For younger readers, try The Boxcar Children series by Gertrude Chandler Warner specifically #2 in the series. I could not remember for sure, but I think some of the Ivy and Bean books by Barrow take place during the summer as well as some of the Judy Moody by McDonald. Now that Mr. Star Wars and Miss Priss are beyond the early chapter books (sniff), my radar is not as good for these younger titles.

summer of my german soldier

Mystery, History, and Art

under the egg

I have been reading at a pretty good clip since school ended. I just finished a book called Under the Egg by Laura Marx Fitzgerald. At first, I thought it was going to be another book with Quirky Sidekicks that seems to be the current trend in juvenile literature. While there are definitely oddball characters, the book is more of an art mystery. It is a combination of From the Mixed Up Files of Mrs. Basil E. Frankweiler and The DaVinci Code. Some of the solutions in the story are a little too convenient, but overall, I loved the information about the Renaissance painter, Raphael, World War II, and the Monuments Men. There are a handful of other books that center around family heirloom secrets in order to reach the resolution. I love the scavenger hunt aspect to these books and recommend them for students because they require a ton of critical reading skills to follow the plot.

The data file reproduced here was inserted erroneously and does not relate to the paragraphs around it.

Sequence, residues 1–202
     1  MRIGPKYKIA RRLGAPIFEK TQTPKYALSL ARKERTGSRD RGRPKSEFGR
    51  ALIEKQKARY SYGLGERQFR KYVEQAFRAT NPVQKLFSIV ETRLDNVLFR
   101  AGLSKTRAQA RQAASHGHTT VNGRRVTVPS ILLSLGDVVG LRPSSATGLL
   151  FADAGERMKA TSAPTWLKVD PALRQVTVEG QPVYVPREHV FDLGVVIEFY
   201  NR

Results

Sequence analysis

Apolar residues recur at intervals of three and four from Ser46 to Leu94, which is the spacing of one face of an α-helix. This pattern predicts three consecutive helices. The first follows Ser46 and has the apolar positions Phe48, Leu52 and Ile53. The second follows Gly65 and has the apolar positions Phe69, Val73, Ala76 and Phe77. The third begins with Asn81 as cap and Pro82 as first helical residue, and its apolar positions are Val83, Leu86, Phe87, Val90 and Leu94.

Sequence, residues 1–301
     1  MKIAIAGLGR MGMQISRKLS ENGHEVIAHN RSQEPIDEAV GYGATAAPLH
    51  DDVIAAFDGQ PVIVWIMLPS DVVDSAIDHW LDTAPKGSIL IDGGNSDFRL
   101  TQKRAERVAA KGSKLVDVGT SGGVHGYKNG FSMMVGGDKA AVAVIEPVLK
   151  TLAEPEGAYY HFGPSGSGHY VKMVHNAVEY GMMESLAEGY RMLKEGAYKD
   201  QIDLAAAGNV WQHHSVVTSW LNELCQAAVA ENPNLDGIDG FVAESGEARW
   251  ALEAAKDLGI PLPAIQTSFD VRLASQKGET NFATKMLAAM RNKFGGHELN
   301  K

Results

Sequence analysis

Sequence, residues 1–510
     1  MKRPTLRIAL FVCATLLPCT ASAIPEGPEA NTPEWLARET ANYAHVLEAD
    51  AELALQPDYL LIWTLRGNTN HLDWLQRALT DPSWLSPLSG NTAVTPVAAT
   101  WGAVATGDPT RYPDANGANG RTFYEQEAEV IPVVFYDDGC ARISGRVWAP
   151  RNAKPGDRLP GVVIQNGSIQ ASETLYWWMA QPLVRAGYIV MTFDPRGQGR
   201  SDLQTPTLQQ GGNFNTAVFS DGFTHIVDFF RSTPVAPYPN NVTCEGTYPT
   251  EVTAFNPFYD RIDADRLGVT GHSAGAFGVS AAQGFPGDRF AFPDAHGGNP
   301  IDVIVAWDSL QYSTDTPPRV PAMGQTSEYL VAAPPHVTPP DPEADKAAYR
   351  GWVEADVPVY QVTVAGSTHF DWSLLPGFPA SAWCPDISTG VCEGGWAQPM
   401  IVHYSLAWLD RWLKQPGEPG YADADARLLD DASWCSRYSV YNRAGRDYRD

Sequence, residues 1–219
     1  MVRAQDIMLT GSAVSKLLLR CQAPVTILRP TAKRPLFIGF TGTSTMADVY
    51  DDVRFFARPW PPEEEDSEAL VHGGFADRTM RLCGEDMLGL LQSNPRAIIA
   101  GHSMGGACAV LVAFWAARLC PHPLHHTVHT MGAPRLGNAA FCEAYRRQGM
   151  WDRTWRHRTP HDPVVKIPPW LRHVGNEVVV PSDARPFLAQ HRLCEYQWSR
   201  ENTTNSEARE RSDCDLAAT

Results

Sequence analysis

mystery, history, and art book list pin

  • Under the Egg by Laura Marx Fitzgerald
  • Wonderstruck by Brian Selznick
  • The Invention of Hugo Cabret by Brian Selznick
  • The Maze of Bones by Rick Riordan ( and The 39 Clues series)
  • Conspiracy 365 series by Gabrielle Lord
  • Destiny, Rewritten by Kathryn Fitzmaurice
  • Chasing Vermeer by Blue Balliett
  • The Shadows by Jacqueline West (The Books of Elsewhere series)
  • We the Children by Andrew Clements (Benjamin Pratt and the Keepers of the School series)
  • The Ring of Rocamadour by Michael D. Beil (The Red Blazer Girls series)
  • Masterpiece by Elise Broach
  • From the Mixed Up Files of Mrs. Basil E. Frankweiler by E.L. Konigsburg
  • The Second Mrs. Giacondo by E.L. Konigsburg
  • Leonardo’s Shadow by Christopher Grey
  • The Sixty-Eight Rooms by Marianne Malone
  • Cecily’s Portrait by Adele Geras (Historical House series)
  • The Blackhope Enigma by Teresa Flavin
  • The Theft & the Miracle by Rebecca Wade

Many of these books are cross listed on my Scavenger Hunt Book List as well as my Fate and Destiny Book List. Obviously, I am drawn to this style of book. What is on your summer stack?

sixty eight rooms


Instead of Junie B. Jones

just graceMiss Priss is a good little independent reader, but she is still at a stage where she needs 8-year old content, shorter chapter books, and simple plot lines. An obvious choice is Junie B. Jones, but the character bothers me. I want Miss Priss wants spunky book characters that are in the same vein as Junie B., but she also wants I want the character to use decent grammar.